Some 3.4 million Turkish citizens living abroad were invited to begin voting Thursday in national elections that will decide whether President Recep Tayyip Erdogan can continue governing Turkey after two decades in power.
The overseas balloting began amid concerns over Erdogan’s health after he was forced to cancel election rallies on Wednesday and Thursday. However, the 69-year-old leader was scheduled to attend a Thursday ceremony via video link to mark the inauguration of Turkey’s first nuclear power plant.
The biggest contingents of overseas voters include 400,000 Turks in France and 1.5 million in Germany who can cast their ballots in Turkey’s presidential and parliamentary elections until May 9. Voting in Turkey itself doesn’t take place until May 14.
During Turkey’s last presidential election five years ago, a significant majority of Turkish voters in Germany backed Erdogan. It is unclear whether he will receive the same level of backing from them this year.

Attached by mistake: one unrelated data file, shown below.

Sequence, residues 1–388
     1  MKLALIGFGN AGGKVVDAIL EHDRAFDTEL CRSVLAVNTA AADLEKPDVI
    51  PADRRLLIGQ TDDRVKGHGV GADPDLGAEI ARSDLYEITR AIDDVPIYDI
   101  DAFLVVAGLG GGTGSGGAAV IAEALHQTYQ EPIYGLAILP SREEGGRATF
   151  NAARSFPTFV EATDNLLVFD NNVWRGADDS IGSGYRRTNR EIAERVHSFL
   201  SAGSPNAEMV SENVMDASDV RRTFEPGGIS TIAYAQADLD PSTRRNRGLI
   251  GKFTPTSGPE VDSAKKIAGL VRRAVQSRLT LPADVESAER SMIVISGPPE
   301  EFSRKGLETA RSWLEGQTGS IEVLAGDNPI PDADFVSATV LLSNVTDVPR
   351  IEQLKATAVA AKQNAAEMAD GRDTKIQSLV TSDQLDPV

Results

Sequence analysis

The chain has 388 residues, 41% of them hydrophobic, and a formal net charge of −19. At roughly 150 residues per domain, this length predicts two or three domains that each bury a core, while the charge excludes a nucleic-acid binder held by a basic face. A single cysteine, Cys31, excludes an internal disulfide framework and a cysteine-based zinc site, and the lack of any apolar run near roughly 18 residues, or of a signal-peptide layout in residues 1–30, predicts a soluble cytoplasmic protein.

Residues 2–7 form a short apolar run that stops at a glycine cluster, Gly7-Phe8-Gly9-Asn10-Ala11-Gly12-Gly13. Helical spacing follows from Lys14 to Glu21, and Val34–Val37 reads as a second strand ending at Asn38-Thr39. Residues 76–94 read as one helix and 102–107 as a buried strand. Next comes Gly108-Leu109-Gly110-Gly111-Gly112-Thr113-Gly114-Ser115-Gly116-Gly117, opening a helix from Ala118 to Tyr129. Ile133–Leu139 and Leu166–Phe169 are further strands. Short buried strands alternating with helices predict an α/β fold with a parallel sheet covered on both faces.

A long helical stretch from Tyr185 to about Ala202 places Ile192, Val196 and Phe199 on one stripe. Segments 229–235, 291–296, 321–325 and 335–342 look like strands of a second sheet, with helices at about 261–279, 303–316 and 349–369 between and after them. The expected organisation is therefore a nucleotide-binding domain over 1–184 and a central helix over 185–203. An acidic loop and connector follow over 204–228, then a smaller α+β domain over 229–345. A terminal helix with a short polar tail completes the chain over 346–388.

The latest opinion polls in Turkey showed a slight lead for Erdogan’s main challenger, center-left opposition party leader Kemal Kilicdaroglu, who is backed by the cross-party Nation Alliance.
If no candidate wins outright and a presidential run-off is needed on May 28, overseas balloting would take place May 20-24.
Erdogan served as Turkey’s prime minister from March 2003 to August 2014 and has held the president’s office since then. He has received criticism for his increasingly authoritarian rule and handling of the economy and rampant inflation in recent years, as well as of the devastating earthquake that hit Turkey in February.
Germany’s agriculture minister, Cem Ozdemir, who has family roots in Turkey, told the RND media group that a victory for Kilicdaroglu “would pave the way for a return to democracy” in Turkey.